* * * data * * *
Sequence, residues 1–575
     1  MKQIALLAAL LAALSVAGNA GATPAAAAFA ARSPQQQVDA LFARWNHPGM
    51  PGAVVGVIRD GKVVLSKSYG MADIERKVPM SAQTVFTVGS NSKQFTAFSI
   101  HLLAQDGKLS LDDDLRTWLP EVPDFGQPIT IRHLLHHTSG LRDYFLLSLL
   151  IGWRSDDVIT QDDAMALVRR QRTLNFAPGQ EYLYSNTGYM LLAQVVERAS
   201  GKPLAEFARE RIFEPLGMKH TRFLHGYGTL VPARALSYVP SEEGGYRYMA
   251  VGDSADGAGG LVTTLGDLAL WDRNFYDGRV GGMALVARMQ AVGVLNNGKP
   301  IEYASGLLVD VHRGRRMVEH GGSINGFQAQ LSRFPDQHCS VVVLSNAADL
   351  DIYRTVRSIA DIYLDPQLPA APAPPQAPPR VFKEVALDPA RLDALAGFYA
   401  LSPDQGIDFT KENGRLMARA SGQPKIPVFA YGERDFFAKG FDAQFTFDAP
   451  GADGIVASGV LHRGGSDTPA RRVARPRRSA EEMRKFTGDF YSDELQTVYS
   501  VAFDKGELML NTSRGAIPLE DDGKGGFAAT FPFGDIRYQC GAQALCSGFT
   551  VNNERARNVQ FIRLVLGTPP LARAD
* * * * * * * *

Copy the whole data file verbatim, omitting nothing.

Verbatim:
Sequence, residues 1–575
     1  MKQIALLAAL LAALSVAGNA GATPAAAAFA ARSPQQQVDA LFARWNHPGM
    51  PGAVVGVIRD GKVVLSKSYG MADIERKVPM SAQTVFTVGS NSKQFTAFSI
   101  HLLAQDGKLS LDDDLRTWLP EVPDFGQPIT IRHLLHHTSG LRDYFLLSLL
   151  IGWRSDDVIT QDDAMALVRR QRTLNFAPGQ EYLYSNTGYM LLAQVVERAS
   201  GKPLAEFARE RIFEPLGMKH TRFLHGYGTL VPARALSYVP SEEGGYRYMA
   251  VGDSADGAGG LVTTLGDLAL WDRNFYDGRV GGMALVARMQ AVGVLNNGKP
   301  IEYASGLLVD VHRGRRMVEH GGSINGFQAQ LSRFPDQHCS VVVLSNAADL
   351  DIYRTVRSIA DIYLDPQLPA APAPPQAPPR VFKEVALDPA RLDALAGFYA
   401  LSPDQGIDFT KENGRLMARA SGQPKIPVFA YGERDFFAKG FDAQFTFDAP
   451  GADGIVASGV LHRGGSDTPA RRVARPRRSA EEMRKFTGDF YSDELQTVYS
   501  VAFDKGELML NTSRGAIPLE DDGKGGFAAT FPFGDIRYQC GAQALCSGFT
   551  VNNERARNVQ FIRLVLGTPP LARAD